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The pump is basically a jerk type with a plunger moving in a matched barrel, using two helical grooves machined

in the
plunger to control the end of injection by uncovering spill ports and causing the discharge pressure to drop rapidly, thus
causing the needle valve in the injector to close.

Oil is supplied to the barrel via the spill ports and a suction valve. The suction valve, situated at the top of the barrel opens
when the pressure in the barrel falls below the supply pump pressure; i.e. during downward stroke of plunger, while spill
ports are covered by plunger.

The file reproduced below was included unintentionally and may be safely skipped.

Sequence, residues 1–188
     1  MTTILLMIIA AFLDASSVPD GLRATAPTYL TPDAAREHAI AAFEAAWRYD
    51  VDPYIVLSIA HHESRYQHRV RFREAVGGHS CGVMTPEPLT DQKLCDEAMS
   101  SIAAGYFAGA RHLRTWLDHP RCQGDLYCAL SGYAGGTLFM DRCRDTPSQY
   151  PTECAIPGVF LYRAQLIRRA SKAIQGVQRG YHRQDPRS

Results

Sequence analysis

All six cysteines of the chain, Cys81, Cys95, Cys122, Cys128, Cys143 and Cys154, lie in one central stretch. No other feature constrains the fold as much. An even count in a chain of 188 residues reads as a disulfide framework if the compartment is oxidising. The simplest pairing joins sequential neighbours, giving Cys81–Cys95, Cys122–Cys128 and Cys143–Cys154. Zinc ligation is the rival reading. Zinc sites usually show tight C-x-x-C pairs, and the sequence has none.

Replaceable erosion plugs are fitted in the pump housing opposite the spill ports. The high pressure oil, spilling back, as
the edge of the helix uncovers the spill ports at the end of injection, hit the plugs, which prevent damage to the pump
A puncture valve is fitted in
the top cover of the pump. It
is opened when compressed
air from the control air system
acts on top of a piston fitted in
the top cover. Fuel oil from
the discharge side is then
returned to the suction side of
the pump and no injection
takes place. The puncture
valve is operated in the event
of actuation of the shut down
system (all units), during the
air start sequence or when
excessive leakage is detected
from the double skinned fuel
Fuel oil leakage past the plunger to the cam case is prevented by the use of
an "umbrella" seal

A spring loaded damper is fitted to

the side of the pump connected
through to the suction side of the
pump. This smoothes out the pressure
fluctuations as the high pressure fuel